public Criterion getCriterion(String targetPropertyName,
                Object[] filterObjectValues, Object[] directValues) {
            return Restrictions.eq(targetPropertyName, directValues[0]);

    public static final FilterCriterionProvider BETWEEN = new SimpleFilterCriterionProvider(STRATEGY, 2) {
        public Criterion getCriterion(String targetPropertyName,
                Object[] filterObjectValues, Object[] directValues) {
            return Restrictions.between(targetPropertyName, directValues[0], directValues[1]);


public class SampleConverter extends NestedPropertyCriteriaBasedConverter {

    public static final String MAPPING_GROUP_CUSTOMER = "customer";

    // Customer - name
    public static final String CUSTOMER_NAME_ID = "name";
    public static final AssociationPath CUSTOMER_NAME_APATH = AssociationPath.ROOT;
    public static final String CUSTOMER_NAME_TARGET = "name";

    // Customer - userProfile - favoriteNumber
    public static final String CUSTOMER_FAVNO_ID = "favNo";
    public static final AssociationPath CUSTOMER_FAVNO_APATH = new AssociationPath(
            new AssociationPathElement("userProfile"));
    public static final String CUSTOMER_FAVNO_TARGET = "favoriteNumber";

    // Customer - accountCreated
    public static final String CUSTOMER_JOINDATE_ID = "joinDate";
    public static final AssociationPath CUSTOMER_JOINDATE_APATH = AssociationPath.ROOT;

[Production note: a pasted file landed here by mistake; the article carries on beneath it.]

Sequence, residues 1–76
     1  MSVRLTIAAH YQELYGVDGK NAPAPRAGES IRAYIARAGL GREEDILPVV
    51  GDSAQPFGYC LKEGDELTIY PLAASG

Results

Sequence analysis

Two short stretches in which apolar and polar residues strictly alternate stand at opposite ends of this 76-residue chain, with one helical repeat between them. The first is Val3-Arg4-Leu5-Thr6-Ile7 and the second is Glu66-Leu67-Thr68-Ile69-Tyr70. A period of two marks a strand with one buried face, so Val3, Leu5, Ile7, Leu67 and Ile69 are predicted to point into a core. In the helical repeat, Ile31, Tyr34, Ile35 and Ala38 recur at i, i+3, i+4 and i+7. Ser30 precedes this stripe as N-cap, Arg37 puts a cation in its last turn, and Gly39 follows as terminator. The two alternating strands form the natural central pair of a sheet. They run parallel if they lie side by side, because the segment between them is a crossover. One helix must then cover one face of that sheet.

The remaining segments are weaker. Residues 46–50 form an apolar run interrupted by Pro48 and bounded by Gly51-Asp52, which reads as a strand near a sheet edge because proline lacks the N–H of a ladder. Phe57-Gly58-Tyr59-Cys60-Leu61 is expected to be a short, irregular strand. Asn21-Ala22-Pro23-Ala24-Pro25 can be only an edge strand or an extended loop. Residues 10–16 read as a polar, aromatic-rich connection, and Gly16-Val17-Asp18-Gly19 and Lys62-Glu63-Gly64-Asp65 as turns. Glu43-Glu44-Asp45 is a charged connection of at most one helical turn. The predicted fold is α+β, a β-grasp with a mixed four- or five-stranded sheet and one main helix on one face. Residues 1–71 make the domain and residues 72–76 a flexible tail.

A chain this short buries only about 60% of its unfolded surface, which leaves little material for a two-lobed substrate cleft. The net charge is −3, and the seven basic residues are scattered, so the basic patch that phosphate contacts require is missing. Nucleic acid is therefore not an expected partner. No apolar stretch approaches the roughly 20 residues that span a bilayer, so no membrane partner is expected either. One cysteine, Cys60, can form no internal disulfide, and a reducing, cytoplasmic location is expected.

public static final String CUSTOMER_JOINDATE_TARGET = "accountCreated";

    public static final DateConverter DATE_CONVERTER = new DateConverter("yyyy.MM.dd HH:mm");

    public void initMappings() {



    private void addStringMapping(String mappingGroupName, String propertyId,
            AssociationPath associationPath, String targetPropertyName) {
        addMapping(mappingGroupName, new FilterAndSortMapping<String>(
                propertyId, associationPath, targetPropertyName,
                CtoFilterCriterionProviders.LIKE, FilterValueConverters.STRING));

    private void addIntegerMapping(String mappingGroupName, String propertyId,
            AssociationPath associationPath, String targetPropertyName) {
        addMapping(mappingGroupName, new FilterAndSortMapping<Integer>(
                propertyId, associationPath, targetPropertyName,
                CtoFilterCriterionProviders.EQ, FilterValueConverters.INTEGER));

    private void addDateMapping(String mappingGroupName, String propertyId,
            AssociationPath associationPath, String targetPropertyName) {
        addMapping(mappingGroupName, new FilterAndSortMapping<Date>(
                propertyId, associationPath, targetPropertyName,
                CtoFilterCriterionProviders.BETWEEN, DATE_CONVERTER));


The SampleConverter contains a single mapping group that defines some property mappings for the fictional Customer entity (name, favorite number and join date). Things get usually far more complex than this, but basically this is the way how you would typically configure the NestedPropertyCriteriaBasedConverter instance. Note that the enabled method of the FilterCriterionProvider interface could be used for disabling filtering within the given FilterAndSortMapping (just like in the sample OrderDaoImpl from the previous section). Additionally, our SampleConverter uses the FilterValueConverters utility class for standard value converter implementations (string, integer and date).